Published online by Cambridge University Press: 04 September 2009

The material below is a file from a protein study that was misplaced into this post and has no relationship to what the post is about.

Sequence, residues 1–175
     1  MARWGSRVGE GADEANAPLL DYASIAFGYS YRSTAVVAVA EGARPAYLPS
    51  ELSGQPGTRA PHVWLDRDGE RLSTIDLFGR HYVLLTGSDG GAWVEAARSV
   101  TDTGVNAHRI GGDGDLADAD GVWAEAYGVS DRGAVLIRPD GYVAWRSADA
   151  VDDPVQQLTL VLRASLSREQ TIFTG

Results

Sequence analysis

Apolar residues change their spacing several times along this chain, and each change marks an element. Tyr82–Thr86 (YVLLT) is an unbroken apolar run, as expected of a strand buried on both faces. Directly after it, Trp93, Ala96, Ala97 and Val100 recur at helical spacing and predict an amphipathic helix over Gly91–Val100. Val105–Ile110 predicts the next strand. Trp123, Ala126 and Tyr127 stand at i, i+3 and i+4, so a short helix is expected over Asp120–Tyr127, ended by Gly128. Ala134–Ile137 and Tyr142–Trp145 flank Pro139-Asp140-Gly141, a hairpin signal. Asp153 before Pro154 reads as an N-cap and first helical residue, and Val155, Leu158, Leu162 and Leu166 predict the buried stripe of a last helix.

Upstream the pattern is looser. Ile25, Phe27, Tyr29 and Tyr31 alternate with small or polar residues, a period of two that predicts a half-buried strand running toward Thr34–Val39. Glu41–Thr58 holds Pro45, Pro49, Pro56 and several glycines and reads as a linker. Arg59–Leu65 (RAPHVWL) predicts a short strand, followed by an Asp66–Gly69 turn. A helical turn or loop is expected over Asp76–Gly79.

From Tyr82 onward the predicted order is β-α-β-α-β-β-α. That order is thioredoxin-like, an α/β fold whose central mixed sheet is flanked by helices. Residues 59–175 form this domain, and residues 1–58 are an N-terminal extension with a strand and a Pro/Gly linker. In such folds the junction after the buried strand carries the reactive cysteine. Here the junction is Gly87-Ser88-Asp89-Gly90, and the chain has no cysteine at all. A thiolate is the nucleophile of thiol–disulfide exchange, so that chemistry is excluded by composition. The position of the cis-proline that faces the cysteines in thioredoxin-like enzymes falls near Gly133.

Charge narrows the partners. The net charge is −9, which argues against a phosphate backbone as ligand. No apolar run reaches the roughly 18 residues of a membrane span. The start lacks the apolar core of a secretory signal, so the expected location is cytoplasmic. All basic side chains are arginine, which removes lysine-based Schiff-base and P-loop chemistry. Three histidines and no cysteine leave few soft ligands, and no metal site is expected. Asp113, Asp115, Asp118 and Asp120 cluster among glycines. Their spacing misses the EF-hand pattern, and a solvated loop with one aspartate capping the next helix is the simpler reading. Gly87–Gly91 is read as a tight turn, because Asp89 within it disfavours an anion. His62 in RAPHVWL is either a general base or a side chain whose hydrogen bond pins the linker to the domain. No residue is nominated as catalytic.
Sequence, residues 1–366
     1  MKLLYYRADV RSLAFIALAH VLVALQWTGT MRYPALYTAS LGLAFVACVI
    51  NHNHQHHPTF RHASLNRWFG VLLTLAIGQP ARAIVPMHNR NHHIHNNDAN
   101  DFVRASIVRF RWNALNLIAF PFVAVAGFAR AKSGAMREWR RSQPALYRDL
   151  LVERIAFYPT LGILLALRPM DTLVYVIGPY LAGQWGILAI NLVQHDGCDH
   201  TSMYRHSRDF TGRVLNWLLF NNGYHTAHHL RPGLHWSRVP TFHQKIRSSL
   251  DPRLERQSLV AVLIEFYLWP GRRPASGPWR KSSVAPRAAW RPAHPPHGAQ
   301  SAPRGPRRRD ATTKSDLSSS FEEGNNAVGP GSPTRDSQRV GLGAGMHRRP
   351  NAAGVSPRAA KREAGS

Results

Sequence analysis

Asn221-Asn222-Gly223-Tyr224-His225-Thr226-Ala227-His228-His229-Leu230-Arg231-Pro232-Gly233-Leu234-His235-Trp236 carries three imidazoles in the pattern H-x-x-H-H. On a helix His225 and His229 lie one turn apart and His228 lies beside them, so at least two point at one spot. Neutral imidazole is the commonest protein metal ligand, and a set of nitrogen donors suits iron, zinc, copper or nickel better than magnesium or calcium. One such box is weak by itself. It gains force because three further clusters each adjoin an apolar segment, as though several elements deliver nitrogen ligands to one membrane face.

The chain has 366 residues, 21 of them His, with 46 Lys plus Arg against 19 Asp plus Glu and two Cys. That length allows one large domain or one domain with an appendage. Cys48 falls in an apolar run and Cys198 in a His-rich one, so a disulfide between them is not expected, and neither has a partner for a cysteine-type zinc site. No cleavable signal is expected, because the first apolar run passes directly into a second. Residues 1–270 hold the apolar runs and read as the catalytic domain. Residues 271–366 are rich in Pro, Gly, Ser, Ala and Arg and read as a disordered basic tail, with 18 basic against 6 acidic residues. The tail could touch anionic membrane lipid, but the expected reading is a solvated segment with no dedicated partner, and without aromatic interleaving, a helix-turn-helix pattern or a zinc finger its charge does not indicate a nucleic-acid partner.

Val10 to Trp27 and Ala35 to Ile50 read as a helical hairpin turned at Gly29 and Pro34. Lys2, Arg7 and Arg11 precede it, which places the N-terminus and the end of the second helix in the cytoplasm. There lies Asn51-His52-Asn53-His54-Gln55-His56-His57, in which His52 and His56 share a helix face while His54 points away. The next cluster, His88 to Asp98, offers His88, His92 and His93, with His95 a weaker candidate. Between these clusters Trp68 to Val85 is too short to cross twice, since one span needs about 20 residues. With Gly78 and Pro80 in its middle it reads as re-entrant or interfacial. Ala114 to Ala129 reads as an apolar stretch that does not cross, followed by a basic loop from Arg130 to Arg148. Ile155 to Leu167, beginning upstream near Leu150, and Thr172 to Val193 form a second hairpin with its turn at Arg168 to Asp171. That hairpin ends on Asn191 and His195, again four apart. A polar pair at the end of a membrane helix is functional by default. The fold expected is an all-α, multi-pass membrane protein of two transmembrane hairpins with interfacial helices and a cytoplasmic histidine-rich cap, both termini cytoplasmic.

John Stuart Mill, Mary Wollstonecraft and Catharine Macaulay voiced their hostility to the idea that the chivalrous treatment of women was a true ‘test of civilization’, and their doubts about the very histories of civilisation from which such notions of chivalry were drawn. In the next two chapters, I will consider how far the latter two writers felt it necessary to rewrite those histories of civilisation in order to challenge the cult of chivalric manners, and the extent to which they deployed and adapted contemporary vocabularies of progress, civil society and commerce to their own ends. In the case of Wollstonecraft, we will see an intensely revisionist engagement, on the ground of moral philosophy, with Scottish ideas of the progress of society. In the case of Macaulay, no less deeply read than her younger contemporary in the historical and sociological works of her time, there is a defiant attempt to update older ideas of male and female freedom on the ground of history. In Mill's case, beyond the scope of this book, we see a thoroughgoing scepticism as to whether history can form a basis from which to argue against the subjection of women. Mill was doubtful about the value both of history and of Christianity as resources for the case for liberty. Macaulay and Wollstonecraft, however, drew considerable inspiration from their Protestant faith when seeking to reinterpret the past and imagine the future in the image of liberty.